5. Neora Chana says:

    It\’s hard not to respond to the kinetic genius of the athletes.  And I sometimes miss the days when the media didn\’t always look for scandals (the age of the Chinese women\’s gymnastic team for example).  There were also those other small touches that made the games special like looking for the volley ball player\’s wedding ring.  Thanks for looking at the games from another side.

  6. PJ says:

    Good Evening Jorge,
    I also watched more of the Olympics than I normally would. Swimming, Gymnastics, Diving, Beach Volleyball ( yes even the women\’s..smiles ) These young athletes work all their lives to strive for the Gold. It has to be disheartening to them to not bring home the Gold..I don\’t care what they say to the media. All in all, it has been a great Summer Olympics phenominal.
    Until next time..Keep Smiling.

  7. Holy says:

    So true.
    I don\’t watch the Summer Olympics.  I\’m Canadian – we\’re hardwired for the Winter Olympics. (and so it shows in our summer medal count…yikes). 
    But I did catch a few moments here and there these past couple of weeks.  I certainly don\’t make a point of watching the American networks though – you\’d never know there was another nation competing other than the U.S. – no offense to America – but one has to admit, the coverage is rather biased.  
    My daughter caught the high dive event the other night and she gasped, "Mom, why is that guy only wearing his underwear?!" 🙂

  8. Sophie says:

    Hi,Jorge.I am glad that you come up with such ideas!
    One world ,one dream!
    You witness Beijing someday!

  9. Patricia says:

    then the olympics, now the political campaign for President…no slow news days in the near future…we\’ll be bombarded by speeches, commercials, commentary till we\’d elect a robot just to quiet it all down…we might be doing it anyway, huh?…lol…good Wednesday, Jorge…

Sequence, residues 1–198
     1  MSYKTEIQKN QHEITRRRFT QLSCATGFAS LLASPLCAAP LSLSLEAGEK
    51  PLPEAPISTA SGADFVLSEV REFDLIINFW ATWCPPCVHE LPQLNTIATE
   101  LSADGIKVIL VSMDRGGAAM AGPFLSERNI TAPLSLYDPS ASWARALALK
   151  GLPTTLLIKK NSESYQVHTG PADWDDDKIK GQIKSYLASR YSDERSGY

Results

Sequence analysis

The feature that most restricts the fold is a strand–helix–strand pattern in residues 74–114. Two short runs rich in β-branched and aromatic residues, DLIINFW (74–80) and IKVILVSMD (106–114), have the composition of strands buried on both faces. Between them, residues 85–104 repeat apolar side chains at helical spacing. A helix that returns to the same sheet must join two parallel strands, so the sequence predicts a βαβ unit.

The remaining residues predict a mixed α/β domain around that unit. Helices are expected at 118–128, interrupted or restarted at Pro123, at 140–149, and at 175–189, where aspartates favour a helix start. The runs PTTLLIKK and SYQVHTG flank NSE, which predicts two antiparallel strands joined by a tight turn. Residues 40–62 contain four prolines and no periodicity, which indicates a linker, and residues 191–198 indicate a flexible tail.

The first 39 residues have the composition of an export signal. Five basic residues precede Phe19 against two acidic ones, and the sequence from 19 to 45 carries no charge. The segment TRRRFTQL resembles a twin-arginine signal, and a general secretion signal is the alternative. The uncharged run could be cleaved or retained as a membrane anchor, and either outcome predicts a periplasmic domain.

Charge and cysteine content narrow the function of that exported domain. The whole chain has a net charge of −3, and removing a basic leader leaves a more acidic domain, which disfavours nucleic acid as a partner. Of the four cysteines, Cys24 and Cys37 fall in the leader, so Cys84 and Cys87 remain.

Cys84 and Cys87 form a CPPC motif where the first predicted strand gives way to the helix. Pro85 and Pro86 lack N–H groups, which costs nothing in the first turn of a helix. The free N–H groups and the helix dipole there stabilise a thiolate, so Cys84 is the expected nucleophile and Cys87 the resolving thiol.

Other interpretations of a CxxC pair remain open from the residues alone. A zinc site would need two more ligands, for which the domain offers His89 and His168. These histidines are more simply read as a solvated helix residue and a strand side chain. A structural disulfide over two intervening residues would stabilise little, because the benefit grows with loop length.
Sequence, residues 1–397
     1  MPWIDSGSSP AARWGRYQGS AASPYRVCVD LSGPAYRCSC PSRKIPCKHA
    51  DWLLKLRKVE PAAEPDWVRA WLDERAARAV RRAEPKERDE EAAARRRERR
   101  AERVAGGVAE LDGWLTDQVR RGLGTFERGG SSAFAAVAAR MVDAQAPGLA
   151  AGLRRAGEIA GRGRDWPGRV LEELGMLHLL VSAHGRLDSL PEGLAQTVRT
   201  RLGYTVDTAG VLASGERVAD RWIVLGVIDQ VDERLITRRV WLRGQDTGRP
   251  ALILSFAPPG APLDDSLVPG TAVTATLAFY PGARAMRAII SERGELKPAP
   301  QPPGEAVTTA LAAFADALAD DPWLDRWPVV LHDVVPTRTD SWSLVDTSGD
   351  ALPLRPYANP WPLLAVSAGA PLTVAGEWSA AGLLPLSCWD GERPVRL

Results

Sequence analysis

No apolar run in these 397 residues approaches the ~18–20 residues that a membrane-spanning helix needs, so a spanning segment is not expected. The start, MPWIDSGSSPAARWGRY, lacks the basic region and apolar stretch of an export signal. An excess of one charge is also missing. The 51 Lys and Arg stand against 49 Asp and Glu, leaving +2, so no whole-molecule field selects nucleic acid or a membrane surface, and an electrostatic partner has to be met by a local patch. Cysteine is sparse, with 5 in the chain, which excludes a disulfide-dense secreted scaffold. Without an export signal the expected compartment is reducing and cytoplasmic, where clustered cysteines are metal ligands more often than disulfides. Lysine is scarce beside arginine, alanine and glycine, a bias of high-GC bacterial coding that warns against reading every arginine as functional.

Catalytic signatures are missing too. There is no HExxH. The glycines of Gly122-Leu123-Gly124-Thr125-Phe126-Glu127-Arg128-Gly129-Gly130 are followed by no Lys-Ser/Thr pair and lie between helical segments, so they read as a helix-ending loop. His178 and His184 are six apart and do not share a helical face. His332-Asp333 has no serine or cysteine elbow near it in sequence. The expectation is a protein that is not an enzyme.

10. C says:

    I agree with everything you said! Thanks for the infromation:)

  11. KatSoup says:

    I love the olympics!  Winter, summer it does not matter.  It is great to watch the best athletes on earth come together. Remember my son is a tri-athlete.  I do miss some of the games that were foreign to me they used to show on TV.
    Good Post.

  12. KatSoup says:

    In reading comments:
    The media did not call out the age of China\’s gymnasts, the US coach did.  In my opion they were no 16 either.

  13. Charlotte says:

    Just stopping in to say hello and thanks for coming by my site.  It is always like a breath of fresh air to read that you have been there.  hugs, lottemae

  14. Gayle says:

    Ah, Jorge, you have the knack of saying what I\’m thinking.  I read your first paragraph aloud to my daughter and we shared a resounding evening laugh.  We both enjoyed the Olympics, spent morning after morning regretting our enthusiasm and evening after eveneing cheering for the dedicated and talented of varied countries – we are equal opportunity fans of great athletes.As always, I appreciate your words on the site.Gayle

  15. Betty says:

    Hi Jorge,
    I missed the closing ceremonies, but caught the opening and was awed by the spectacle – what could they possibly done to top that.
    I love the summer Olympics and I don\’t care what country they are from – it is a joy to watch excellence.
    Hope you are well.

  16. Deborah says:

    I\’m still in awe by the last night of the DNC.  Yes the opening ceremonies in China were impressive, but as usual I missed the closing.  Hope you enjoyed it, and do try to catch up on your sleep.
    Blessed be

  17. Jana says:

    I was watching Olympics quite a lot also! Specially if there were some Czechs against the U.S. We usually lost. 🙂 But that was the only way I could see them on TV.  Can you still cheer for Hungary or you feel you are more American after all these years living in US?